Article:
Correspondence The Outdoor Wire has received from Africa takes pretty serious issue with that report. According to our sources, the lion, despite being collared, was not protected under that country's hunting laws. Professional hunters have told us that lions are protected inside the national parks
but those same lions, if outside park boundaries are, for lack of a better term, fair game.
It went on to take issue with the "hunting over bait" allegation, responding that while the lion had been killed over an animal, it was a carcass of an elephant that had been dead for some time- not a gut pile placed there for the specific purpose of luring the lion from the park- as was initially alleged by wildlife officials.
Further, the correspondence takes issue with a report that the hunter, landowner and professional hunter tried to destroy the tracking collar. In fact, it says the collar was returned to authorities as is the standard practice when collared animals are taken by hunters
. If that's the case, it wouldn't seem that anyone involved in the hunt thought they'd broken any game laws.
USFWS's Deputy Chief of Law Enforcement wasn't the only USFWS official to reach out to Dr. Palmer. This is a tweet from Dan Ashe, Director of the USFWS on Thursday. OWDN Screen Shot.
But there is definitely a controversy surrounding the hunt- and Dr. Palmer. On Thursday, the U.S. Fish and Wildlife Service said it was attempting to investigate the incident, but had been unable to reach Palmer. In fact, USFWS deputy chief of law enforcement Edward Grace said "At this point in time, however, multiple efforts to contact Dr. Walter Palmer have been unsuccessful. We ask that Dr. Palmer or his representative contact us immediately."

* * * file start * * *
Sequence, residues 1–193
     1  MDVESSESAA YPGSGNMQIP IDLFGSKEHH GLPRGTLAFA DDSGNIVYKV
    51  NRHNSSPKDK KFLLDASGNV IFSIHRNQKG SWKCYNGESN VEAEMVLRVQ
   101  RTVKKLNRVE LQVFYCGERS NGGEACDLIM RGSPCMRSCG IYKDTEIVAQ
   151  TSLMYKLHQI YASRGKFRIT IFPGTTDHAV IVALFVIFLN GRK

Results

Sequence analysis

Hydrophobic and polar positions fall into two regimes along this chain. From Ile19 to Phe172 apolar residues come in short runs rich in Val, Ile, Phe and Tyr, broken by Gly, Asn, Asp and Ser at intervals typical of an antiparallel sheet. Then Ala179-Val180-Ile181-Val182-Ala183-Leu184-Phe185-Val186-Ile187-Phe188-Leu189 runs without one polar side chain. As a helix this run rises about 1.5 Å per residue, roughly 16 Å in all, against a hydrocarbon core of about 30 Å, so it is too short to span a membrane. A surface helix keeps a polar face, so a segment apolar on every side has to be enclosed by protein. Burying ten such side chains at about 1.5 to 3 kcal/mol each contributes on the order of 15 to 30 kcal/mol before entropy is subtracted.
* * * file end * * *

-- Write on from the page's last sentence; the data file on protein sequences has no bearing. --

And the torches being lit for Dr. Palmer's bonfire aren't confined to Africa. Germany's ambassador to the United Nations told reporters his country was "outraged at what happened to this poor lion" -just minutes before the United Nations passed a resolution calling on all countries to crack down on illegal wildlife trafficking and poaching.
It is only fair to note, however, that this vote was scheduled and really had nothing to do with the "Cecil controversy."
In Palmer's hometown of Eden Prairie, police issued a statement that "because of the increased traffic in the neighborhood of Walter Palmer's residence, the Eden Prairie Police Department is monitoring the neighborhood to assure the safety and security of the residents and their property."
"The Eden Prairie police department," it concluded, "is not providing personal protection for Mr. Palmer."
Neither apparently, is Minnesota Governor Mark Dayton, who called Palmer's alleged luring of the lion out of the preserve "appalling." And the White House, after receiving nearly 170,000 requests via it's "We the People" website, says it will "respond" to Zimbabwean requests for Palmer's extradition.
If Palmer is found to have knowingly poached the lion, there's no one in the outdoor industry who will leap to his defense.
Safari Club International has suspended the memberships of Palmer and the PH guiding him -and the Dallas Safari Club has come out in support of the laws to prevent wildlife poaching- including the appropriate punishments of those found in violation of game laws- worldwide.
What seems to have been forgotten by everyone from the general public to the White House in the whole matter is that Walter Palmer, a human being, is supposed to be presumed innocent until proven guilty.